Evidence-based practice experiences of course leaders in small-specialist land-based higher education institutions in the United Kingdom
Currently, UK Higher Education Institutions (HEIs) are required to evidence that they meet or exceed government benchmarks for institutional performance at course level. In most HEIs, the management of these metrics falls under the remit of the course leader, who has responsibility and accountability towards them. Generally, course leaders have access to central departments who manage and manipulate this data, and even to course administrators who can assist in data preparation (Moore, 2018), but in small-specialist land-based (formerly known as agricultural) institutions the size of the HEI often requires course leaders to play a much more involved role in these areas (Leadership Foundation for Higher Education, 2005). Moreover, because small-specialist HEIs generally are teaching-focussed institutions relying on tuition fees as their main source of income (Brockhurst, Miller and Westwood, 2014), market fluctuations can have much more dramatic consequences. Due to their position within the institution, course leaders are ideally placed to translate institutional policy into appropriate curriculum and pedagogy strategies (Milburn, 2010) and to bridge academic and pastoral care for both cohorts and individual students (Blackmore et al., 2007). The impact and influence of course leaders on the institution are therefore far greater in regular HEIs. This makes a thorough understanding of this role and how course leaders in small-specialist HEIs use evidence critical.
It is currently unknown how course leaders in small specialist institutions make decisions that affect metrics used for benchmarking, but the changing nature of higher education means rankings and league tables are becoming ever more important (Gunn and Fisk, 2013). For small specialist institutions, who lack the data processing units of large universities, doing well will become a challenge. The onus will be on academic staff to find and utilise data to inform decisions. Therefore, a greater understanding of how evidence-based practice can support course management decision making would be useful not only for course managers themselves, but also for the institution and for the student experience. At the institutional level evidence-based decision making would provide an evidence trail for external and internal audits, and could inform quality enhancement and student experience initiatives, which would then positively impact on metrics used in HE benchmarks.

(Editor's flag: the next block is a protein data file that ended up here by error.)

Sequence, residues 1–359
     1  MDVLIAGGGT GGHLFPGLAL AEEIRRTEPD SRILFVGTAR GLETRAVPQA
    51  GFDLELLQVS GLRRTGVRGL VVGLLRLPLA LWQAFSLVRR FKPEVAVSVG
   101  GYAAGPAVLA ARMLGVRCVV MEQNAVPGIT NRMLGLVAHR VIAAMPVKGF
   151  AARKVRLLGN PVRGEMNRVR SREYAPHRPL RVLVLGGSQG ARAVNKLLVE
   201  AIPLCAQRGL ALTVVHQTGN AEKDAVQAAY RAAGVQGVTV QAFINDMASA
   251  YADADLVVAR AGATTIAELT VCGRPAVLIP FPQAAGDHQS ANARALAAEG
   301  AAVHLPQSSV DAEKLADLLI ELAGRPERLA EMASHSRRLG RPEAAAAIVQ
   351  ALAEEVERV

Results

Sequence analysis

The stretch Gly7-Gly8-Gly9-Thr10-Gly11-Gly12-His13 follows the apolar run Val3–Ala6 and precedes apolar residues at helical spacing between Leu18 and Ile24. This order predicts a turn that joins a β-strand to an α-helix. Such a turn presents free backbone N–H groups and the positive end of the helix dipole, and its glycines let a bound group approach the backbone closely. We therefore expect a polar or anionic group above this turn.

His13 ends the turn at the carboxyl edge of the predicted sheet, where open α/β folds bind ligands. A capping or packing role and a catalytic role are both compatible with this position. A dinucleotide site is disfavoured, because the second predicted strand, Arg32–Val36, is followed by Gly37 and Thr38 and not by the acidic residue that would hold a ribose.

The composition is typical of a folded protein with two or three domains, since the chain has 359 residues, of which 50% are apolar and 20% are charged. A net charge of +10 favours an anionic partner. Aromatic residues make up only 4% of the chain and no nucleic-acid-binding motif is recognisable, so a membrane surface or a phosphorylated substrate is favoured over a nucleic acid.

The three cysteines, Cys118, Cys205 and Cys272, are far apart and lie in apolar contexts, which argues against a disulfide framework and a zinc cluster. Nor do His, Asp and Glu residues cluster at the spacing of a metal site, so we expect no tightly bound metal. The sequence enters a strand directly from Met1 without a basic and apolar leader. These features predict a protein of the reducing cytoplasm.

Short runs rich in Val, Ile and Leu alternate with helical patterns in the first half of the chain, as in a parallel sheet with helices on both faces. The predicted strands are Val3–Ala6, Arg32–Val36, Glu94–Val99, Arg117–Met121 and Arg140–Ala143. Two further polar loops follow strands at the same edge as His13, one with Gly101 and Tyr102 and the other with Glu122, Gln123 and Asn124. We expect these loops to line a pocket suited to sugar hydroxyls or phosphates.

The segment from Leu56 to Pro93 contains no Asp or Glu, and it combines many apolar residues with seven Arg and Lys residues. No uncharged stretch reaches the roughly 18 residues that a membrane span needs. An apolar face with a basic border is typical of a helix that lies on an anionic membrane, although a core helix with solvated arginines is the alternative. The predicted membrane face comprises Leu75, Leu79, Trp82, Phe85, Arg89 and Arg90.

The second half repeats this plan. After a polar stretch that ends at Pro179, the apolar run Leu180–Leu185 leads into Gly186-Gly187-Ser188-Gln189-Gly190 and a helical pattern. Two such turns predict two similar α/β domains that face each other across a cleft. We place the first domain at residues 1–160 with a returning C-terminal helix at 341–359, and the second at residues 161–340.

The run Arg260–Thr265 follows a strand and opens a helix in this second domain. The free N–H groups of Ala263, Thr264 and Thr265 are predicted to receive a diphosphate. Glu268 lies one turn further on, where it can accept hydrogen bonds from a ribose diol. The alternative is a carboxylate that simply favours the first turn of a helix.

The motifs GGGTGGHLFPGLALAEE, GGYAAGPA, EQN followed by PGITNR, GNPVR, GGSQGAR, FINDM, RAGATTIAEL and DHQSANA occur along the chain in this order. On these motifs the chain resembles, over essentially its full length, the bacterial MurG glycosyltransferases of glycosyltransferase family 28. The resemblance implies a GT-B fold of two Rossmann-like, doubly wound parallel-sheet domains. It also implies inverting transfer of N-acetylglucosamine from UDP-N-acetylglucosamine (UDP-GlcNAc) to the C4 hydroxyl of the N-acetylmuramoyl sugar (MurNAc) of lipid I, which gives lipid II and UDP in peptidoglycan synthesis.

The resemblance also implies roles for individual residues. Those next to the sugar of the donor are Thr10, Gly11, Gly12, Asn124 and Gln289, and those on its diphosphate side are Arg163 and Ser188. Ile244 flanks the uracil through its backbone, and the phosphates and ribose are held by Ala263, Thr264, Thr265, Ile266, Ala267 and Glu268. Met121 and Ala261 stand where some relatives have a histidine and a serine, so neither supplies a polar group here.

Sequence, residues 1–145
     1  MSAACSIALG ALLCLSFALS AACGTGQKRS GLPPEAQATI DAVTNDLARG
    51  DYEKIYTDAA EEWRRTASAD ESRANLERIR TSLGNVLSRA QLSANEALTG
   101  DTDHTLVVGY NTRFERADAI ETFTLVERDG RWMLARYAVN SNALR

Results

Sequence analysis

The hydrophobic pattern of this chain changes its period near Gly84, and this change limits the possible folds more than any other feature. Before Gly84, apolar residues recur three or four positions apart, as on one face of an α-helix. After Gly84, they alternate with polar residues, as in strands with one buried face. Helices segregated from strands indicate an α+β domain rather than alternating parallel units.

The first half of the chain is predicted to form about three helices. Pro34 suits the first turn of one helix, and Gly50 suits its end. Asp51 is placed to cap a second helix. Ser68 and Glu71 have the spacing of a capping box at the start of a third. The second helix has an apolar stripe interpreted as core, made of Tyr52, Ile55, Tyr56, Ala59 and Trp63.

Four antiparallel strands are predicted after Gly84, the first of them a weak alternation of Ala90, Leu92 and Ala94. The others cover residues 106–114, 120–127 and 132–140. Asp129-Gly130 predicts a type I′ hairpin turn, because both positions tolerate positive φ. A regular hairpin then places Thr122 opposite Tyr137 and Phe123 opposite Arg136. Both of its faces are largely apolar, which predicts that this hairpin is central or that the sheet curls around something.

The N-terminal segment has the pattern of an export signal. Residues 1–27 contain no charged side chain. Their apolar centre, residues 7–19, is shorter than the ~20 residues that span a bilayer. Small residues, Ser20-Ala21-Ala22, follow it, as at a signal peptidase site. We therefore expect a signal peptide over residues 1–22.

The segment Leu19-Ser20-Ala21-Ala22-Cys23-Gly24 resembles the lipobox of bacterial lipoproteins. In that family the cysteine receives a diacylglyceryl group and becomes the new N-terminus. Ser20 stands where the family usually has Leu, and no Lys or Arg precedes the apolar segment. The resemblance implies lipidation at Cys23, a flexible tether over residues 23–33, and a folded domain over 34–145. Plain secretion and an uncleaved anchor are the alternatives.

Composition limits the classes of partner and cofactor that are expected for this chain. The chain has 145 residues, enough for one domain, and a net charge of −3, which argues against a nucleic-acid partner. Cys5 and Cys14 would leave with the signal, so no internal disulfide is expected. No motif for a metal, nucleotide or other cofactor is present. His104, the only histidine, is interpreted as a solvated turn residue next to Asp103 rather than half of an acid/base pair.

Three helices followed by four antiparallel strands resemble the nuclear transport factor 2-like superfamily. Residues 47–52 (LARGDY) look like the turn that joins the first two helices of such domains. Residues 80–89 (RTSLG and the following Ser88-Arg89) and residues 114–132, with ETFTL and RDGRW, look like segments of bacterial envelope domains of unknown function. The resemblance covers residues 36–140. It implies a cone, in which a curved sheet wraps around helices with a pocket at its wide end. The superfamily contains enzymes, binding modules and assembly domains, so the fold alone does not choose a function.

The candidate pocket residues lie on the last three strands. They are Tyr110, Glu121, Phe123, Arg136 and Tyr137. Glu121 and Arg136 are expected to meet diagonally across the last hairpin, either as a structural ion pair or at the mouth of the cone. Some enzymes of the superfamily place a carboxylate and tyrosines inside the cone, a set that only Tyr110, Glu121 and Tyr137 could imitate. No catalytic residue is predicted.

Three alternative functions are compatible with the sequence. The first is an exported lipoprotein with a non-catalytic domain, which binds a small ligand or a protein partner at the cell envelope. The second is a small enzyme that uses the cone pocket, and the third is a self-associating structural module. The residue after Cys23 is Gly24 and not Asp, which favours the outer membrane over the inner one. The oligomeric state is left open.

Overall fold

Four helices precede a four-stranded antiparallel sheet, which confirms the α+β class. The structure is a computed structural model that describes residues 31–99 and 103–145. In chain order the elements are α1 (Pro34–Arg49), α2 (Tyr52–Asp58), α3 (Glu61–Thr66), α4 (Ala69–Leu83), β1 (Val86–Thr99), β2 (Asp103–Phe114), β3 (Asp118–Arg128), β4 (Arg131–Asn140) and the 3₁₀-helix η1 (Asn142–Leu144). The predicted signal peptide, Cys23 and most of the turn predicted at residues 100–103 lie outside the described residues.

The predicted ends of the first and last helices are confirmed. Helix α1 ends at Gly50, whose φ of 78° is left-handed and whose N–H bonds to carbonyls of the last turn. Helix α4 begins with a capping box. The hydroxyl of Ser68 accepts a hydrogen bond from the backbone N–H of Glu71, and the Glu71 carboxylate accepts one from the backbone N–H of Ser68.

This project will attempt to answer the following research question:
How do course leaders in small specialist land-based higher education institutions in the United Kingdom experience evidence-based practice and how do these experiences influence their practice?
Find the public registration for the project here: https://doi.org/10.17605/OSF.IO/5E2AT
Find the project OSF folder here: https://doi.org/10.17605/OSF.IO/D26UV
Relevant output from this project
van Veggel, N. (2021) 'Enhancing the quality of a GT project through interviewing the self - a methodological development'. Health Science Community of Practice Seminar, Queens University, [online], 24 July 2021. LINK
van Veggel, N. (2020) 'Rocking reflexivity in Grounded Theory research'. Methodology Matters - FHEMS PGR Summer Workshop, Anglia Ruskin University, Chelmsford, 23 June 2020. LINK
van Veggel, N. and Howlett, P. (2018) ‘Course leadership in small specialist UK higher education – a review’. International Journal of Educational Management, 32(7), 1174-1183. DOI: 10.1108/IJEM-09-2017-0250
van Veggel, N. (2018) 'Classic grounded theory to investigate evidence-based course leadership'. Grounded Theory Network Symposium, Liverpool John Moores University, Liverpool, 22 November 2018. LINK
van Veggel, N. (2017) 'Evidence-based professionalism in small specialist HE course management – reflexive thoughts on ongoing research'. Work Based Learning e-Journal, 7(1), 1-19. LINK